The basic plots of Like Crazy and Douchebag (Droemus’ 2010 comedy) were clichéd, almost perversely so. The former was as standard a romantic comedy as can be – beach walks, bumper car rides – with the improvised dialogue gimmick; Douchebag, an indie road movie, a sort of Sideways Greenberg with mumbling. In Breathe In, as in those two films, the organic-seeming way that little conversations unfold exists in tension with the stubborn need for plot and character development. I’m sure it’s pretty hard to even comprehend a character’s arc when you’re forced to literally make it up as you go along. This is a problem with Doremus’ films in general. Indie cinema often sacrifices plot in favour of a sort of patterning, a series of fractals; a co-operation of nuanced acting and cinematography that can sometimes give a far fuller sense of a character and atmosphere than the old three-act. But Breathe In is just too loose to make it work.

That’s not to say that the actors don’t try their hardest. Pearce is relentlessly adaptable, and he does the mumbly patois like he’s never heard the name Felicia Jollygoodfellow. Sophie is there to represent Keith’s past to him, to whisper vague profundities from the edge of the frame, but Jones’ charm goes a way towards filling up her somewhat underwritten character. We know from real life that the Keith-Sophie dynamic isn’t really a romantic one, that they usually use each other as excuses to work out, or just act out, their selfishness and immaturity. We plumb Keith’s depths fairly thoroughly and float around there for a while (and you don’t need armbands) while Sophie stays irritatingly enigmatic, Jones doing her best to define those blurred edges. She and the camera are allies in this, both bobbing around Keith as he stares out windows and fails to recover from a bad case of adolescence. John Guleserian’s cinematography is superb, all dark tones and impossibly fluid camera movements. But as the film goes on, any beauty tends to be dispersed by Keith’s increasingly manchild-ish presence.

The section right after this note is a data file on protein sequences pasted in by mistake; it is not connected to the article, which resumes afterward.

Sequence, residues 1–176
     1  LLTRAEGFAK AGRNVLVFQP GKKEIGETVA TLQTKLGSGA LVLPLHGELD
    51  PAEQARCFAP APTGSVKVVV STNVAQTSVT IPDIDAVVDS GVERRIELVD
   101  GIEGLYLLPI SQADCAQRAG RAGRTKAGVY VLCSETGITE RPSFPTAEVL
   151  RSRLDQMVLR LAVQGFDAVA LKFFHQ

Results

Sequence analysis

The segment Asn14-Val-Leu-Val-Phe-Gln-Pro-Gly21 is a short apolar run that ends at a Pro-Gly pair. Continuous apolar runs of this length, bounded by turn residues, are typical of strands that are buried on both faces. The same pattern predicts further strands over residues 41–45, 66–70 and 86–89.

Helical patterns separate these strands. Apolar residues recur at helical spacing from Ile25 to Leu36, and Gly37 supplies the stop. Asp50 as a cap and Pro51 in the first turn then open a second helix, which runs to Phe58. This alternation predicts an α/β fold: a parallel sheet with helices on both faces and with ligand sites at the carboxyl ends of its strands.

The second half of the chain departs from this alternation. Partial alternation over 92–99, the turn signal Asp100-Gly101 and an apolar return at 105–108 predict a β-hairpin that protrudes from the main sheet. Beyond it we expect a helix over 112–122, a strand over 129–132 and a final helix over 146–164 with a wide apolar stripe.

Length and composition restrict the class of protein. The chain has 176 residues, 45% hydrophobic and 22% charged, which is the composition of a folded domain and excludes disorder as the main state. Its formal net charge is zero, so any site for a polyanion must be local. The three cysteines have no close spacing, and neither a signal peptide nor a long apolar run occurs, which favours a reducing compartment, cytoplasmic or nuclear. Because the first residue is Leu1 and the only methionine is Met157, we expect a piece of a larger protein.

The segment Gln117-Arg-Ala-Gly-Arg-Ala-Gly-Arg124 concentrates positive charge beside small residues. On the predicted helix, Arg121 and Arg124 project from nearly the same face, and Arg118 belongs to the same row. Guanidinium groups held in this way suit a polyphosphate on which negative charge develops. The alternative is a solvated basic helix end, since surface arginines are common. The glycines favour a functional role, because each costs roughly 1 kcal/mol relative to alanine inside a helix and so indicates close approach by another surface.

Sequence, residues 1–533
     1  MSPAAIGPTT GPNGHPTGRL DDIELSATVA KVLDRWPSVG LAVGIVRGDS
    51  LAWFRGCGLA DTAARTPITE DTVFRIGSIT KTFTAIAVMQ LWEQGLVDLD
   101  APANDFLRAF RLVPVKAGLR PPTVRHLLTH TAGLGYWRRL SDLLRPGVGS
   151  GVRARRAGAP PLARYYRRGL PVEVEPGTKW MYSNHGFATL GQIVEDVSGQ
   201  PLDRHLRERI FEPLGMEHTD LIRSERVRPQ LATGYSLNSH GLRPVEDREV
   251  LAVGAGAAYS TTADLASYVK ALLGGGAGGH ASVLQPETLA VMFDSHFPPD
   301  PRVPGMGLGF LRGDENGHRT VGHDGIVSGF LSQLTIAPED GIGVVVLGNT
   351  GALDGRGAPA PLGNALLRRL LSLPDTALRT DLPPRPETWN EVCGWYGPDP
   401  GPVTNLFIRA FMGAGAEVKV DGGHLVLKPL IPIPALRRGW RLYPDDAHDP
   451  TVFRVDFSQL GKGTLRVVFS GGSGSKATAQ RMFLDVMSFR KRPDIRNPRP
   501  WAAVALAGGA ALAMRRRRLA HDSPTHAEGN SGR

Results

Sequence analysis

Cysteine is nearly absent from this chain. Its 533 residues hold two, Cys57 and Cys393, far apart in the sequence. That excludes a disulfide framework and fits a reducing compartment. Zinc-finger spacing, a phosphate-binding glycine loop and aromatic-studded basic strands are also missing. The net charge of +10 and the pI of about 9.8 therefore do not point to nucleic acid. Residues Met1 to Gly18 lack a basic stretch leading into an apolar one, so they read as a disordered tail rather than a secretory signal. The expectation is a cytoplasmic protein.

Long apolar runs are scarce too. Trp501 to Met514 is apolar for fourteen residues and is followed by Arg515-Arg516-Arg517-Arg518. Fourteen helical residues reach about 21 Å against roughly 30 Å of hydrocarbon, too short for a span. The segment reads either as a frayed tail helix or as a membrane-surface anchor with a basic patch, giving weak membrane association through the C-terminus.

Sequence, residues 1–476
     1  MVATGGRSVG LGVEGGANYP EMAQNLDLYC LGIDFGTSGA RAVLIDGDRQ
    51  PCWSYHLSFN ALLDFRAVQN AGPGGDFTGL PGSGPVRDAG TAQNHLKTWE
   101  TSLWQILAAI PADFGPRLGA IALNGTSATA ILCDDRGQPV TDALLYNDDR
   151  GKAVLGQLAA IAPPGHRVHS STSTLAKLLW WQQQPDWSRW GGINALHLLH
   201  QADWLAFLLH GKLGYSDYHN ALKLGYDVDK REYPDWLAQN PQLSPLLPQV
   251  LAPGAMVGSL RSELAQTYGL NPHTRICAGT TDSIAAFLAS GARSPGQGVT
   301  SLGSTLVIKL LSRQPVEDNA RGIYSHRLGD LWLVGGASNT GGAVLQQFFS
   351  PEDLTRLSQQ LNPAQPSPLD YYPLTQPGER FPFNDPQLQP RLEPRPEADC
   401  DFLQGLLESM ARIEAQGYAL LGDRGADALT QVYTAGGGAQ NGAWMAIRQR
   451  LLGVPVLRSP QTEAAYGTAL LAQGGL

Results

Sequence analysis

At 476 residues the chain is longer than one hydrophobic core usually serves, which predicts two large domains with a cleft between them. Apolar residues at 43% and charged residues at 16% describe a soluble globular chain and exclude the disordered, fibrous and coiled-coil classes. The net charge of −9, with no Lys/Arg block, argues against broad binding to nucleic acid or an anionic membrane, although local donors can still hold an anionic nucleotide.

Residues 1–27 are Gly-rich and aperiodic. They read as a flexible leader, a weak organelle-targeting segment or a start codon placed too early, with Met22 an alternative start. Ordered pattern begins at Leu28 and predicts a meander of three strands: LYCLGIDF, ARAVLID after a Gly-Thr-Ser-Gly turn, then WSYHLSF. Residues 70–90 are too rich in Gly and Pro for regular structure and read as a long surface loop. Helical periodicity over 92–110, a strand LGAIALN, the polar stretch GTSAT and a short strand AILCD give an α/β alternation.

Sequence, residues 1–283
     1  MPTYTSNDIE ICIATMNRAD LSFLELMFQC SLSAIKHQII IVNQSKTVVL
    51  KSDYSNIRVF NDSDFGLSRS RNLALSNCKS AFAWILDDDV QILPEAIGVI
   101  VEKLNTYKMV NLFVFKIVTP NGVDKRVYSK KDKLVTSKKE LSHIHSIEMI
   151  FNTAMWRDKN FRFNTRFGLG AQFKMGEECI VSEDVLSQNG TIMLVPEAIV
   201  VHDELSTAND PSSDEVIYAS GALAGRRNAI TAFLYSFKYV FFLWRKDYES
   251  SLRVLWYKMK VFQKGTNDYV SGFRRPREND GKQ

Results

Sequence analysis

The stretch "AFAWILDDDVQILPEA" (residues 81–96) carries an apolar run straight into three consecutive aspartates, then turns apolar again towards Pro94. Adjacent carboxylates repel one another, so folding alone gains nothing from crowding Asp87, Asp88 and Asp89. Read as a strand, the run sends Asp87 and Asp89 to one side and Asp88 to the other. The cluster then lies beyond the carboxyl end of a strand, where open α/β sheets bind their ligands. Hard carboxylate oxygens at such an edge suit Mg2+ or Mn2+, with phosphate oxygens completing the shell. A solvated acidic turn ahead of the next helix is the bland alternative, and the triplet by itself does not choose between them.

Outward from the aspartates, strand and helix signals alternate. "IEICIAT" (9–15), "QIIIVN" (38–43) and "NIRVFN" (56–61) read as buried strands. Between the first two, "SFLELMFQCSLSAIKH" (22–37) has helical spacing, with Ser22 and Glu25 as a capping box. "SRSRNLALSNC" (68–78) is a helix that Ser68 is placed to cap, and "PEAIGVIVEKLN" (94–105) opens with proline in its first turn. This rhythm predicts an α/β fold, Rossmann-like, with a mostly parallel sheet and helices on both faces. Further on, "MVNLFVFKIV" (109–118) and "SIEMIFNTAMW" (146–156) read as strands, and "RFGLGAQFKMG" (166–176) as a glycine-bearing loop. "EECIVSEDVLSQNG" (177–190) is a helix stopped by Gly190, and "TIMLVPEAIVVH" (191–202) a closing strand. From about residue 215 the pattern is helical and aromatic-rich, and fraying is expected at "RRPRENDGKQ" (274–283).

There is, admittedly, great verisimilitude in the lack of incident and the halting dialogue. The skill with which Droemus directs improvisations is obvious and, judging by his previous efforts, hard-won. It sometimes seems as though it’s entirely up to the process of interlocution to reveal things organically; that even the actors don’t know when they’re going to drop in that bit of information that will further the plot. But the plot is the problem. American indie cinema has far too much time for the sad sack might’ve-been; I thought that Greenberg and The Squid and the Whale had stopped anyone from ever taking this sort of story seriously again, but apparently not.

Darragh John McCabe

 

98 mins
Breathe In is released on 19th July 2013